so I have no idea why Abbot marketing chose to put that 1.6 in there as a lower limit as its not mentioned I can only assume it was conjectured as a range implied by an implication of a target of INR = 2. What is mentioned that I thought noteworthy is bolded.
 

MdaPA

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As I see it we already know that brief dips down to basically un-anticoagulated levels can be done with minimal risks (and still people obsess about bridging).
pellicle,
How low and for how long is considered minimal risk? And when would bridging be indicated? I understand there are risks associated with bridging and not bridging, but where/what is the risk break-even point if you will?
 

pellicle

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but where/what is the risk break-even point if you will?
I have no data except the view that short durations for patients described as low risk would seem to be it, and risk is associated with time outside the theraputic window ... Clearly no study has been done so I can only refer to tangential studies
  • I cited this one in my blog post on my perioperative INR management that featured in Australian Prescriber . The issue is of course clearly "how long is a piece of string" but when you look at that they provide some level of quantification
    I put a red box around my only factor of risk enhancement, of course its impossible to know what the base level or risk was (*but I assume its non zero but small).
  • and I often also refer to this study about how long people who have valves have gone with no anticoagulation AT ALL (which I started this thread about some time back)

Again all this is statistical, not certain. So if you roll a dice and the bet is anything greater than 1 you have better odds than a specific number (again, and example).

As well I drew upon @dick0236's example of having a serious thrombosis event after being un-anticagulated for some days and having the higher risk of a first generation valve.

As I wrote in my blog post on perioperative INR management I urge you to read that prescriber article.

I do not advocate you taking risks, I raised the point because if people are apparently happy to have INR below two and also to not take aspirin and further to not check INR weekly (I've seen one such person saying every two weeks is sufficient, or even longer) then you may even be in a sub theraptutic range for a while.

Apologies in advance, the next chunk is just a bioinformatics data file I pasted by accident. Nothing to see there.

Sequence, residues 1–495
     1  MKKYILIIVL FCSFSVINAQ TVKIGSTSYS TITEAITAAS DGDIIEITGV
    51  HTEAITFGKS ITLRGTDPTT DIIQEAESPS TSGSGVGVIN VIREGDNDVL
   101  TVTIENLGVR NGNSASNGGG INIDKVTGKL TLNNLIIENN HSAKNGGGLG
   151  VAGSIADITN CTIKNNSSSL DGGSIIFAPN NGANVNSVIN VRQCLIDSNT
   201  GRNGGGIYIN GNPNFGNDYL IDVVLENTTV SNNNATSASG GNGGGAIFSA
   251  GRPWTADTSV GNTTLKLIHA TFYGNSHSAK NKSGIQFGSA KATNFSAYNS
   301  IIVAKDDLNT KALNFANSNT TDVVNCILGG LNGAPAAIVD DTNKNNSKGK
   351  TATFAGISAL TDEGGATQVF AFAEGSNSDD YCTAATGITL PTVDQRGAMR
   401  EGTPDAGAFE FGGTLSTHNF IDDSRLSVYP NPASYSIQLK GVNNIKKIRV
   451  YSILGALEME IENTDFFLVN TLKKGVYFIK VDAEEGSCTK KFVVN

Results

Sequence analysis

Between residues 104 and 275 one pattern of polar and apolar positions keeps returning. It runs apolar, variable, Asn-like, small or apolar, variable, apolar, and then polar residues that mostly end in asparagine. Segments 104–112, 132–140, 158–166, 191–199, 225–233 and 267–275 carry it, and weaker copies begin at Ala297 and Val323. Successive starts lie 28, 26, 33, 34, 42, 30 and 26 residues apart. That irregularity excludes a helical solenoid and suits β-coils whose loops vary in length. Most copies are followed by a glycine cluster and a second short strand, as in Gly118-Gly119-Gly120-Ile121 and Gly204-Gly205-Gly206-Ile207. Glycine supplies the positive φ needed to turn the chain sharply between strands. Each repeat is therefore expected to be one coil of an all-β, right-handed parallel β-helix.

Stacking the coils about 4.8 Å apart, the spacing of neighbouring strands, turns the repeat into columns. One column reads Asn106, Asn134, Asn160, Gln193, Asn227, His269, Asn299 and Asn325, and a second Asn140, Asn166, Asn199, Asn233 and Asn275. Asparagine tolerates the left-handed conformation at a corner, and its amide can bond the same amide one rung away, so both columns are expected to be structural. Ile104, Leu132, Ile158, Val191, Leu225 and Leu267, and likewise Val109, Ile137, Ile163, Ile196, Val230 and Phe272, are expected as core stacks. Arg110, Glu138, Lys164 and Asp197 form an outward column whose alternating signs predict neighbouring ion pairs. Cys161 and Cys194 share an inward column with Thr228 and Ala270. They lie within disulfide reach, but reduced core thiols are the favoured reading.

Again, seek details from my blog post on exactly what I mean

I hope that answers your question
 
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MdaPA

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I have no data except the view that short durations for patients described as low risk would seem to be it, and risk is associated with time outside the theraputic window ... Clearly no study has been done
I think the question on "how low can you go" and "for how long" below therapeutic range is certainly is an area of anxiety for folks on anti-coagulation, as like you said, there are no studies/randomized trials.

I hope that answers your question
Yes, it does, thank you.

I do like your quote in one of your blogs, "BUT: Don't **** with this stuff if you don't have a clue. You may get hurt, and that hurt may be permanent. ".
 

dick0236

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......I do like your quote in one of your blogs, "BUT: Don't **** with this stuff if you don't have a clue. You may get hurt, and that hurt may be permanent. ".
Amen, Amen, Amen to the above quote. Before the introduction of the INR system, I started taking the anti-coagulant Coumadin (Warfarin) after my mechanical valve was implanted in 1967. I was only told to "take the pill and get a blood test monthly" to keep my PT at 1-l/2 times a "normal person"..........and if my urine turned red, to stop taking my pill and get a vitamin K shot. That happened a time or two........but in 1974, I didn't take the pill for 4-5 days while on vacation and that caused a problem much more severe than "red urine'.......I had a STROKE that PERMANENTLY left me 50% BLIND.........so I'll repeat the above quote for emphasis "BUT: Don't **** with this stuff if you don't have a clue. You may get hurt, and that hurt may be permanent". That said, I'm a quick learner, I got a seven-day pillbox and I check my INR routinely........and I haven't had any problems with warfarin since......47 years.
 

pellicle

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Thanks for this timely reminder Dick
...Before the introduction of the INR system, I started taking the anti-coagulant Coumadin (Warfarin) after my mechanical valve was implanted in 1967. I was only told to "take the pill and get a blood test monthly" to keep my PT at 1-l/2 times a "normal person"..........and if my urine turned red, to stop taking my pill and get a vitamin K shot. That happened a time or two........but in 1974, I didn't take the pill for 4-5 days while on vacation and that caused a problem much more severe than "red urine'.......I had a STROKE that PERMANENTLY left me 50% BLIND.
In general we are very fortunate in the modern world to have:
  • a much better studied and more well understood view of warfarin
  • better tools to grapple with the problem (such as INR vs Prothrombin Time and,